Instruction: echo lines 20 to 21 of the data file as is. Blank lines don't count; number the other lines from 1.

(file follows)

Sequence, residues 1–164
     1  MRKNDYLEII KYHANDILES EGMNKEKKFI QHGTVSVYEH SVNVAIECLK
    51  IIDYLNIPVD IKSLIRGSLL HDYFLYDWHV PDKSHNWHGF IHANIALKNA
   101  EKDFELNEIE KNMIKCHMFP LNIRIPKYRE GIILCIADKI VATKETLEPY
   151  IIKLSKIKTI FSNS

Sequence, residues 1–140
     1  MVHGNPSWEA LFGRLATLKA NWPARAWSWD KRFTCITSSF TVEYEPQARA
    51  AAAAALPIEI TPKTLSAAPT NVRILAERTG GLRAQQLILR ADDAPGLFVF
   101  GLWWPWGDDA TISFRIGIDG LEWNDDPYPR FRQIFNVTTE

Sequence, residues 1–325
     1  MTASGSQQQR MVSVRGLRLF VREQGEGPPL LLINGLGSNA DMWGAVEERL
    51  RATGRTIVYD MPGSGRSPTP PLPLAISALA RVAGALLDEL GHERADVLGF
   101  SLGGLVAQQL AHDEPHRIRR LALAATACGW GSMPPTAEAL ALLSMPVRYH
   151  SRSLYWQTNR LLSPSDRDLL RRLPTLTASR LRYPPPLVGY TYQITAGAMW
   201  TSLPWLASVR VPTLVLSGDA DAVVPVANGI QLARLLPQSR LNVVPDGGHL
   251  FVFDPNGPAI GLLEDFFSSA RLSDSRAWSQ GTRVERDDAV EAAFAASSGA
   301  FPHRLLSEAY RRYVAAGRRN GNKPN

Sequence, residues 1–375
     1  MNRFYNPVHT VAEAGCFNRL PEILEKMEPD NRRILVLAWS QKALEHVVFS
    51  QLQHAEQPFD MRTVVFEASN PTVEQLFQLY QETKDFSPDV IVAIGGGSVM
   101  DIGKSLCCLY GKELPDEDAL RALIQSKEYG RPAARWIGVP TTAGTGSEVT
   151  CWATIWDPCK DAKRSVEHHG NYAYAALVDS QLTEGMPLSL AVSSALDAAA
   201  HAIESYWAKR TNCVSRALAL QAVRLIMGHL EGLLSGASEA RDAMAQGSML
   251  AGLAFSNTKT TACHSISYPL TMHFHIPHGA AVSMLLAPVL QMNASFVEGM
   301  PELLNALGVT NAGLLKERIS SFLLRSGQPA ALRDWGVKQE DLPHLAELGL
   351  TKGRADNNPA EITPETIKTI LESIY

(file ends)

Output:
    51  QLQHAEQPFD MRTVVFEASN PTVEQLFQLY QETKDFSPDV IVAIGGGSVM
   101  DIGKSLCCLY GKELPDEDAL RALIQSKEYG RPAARWIGVP TTAGTGSEVT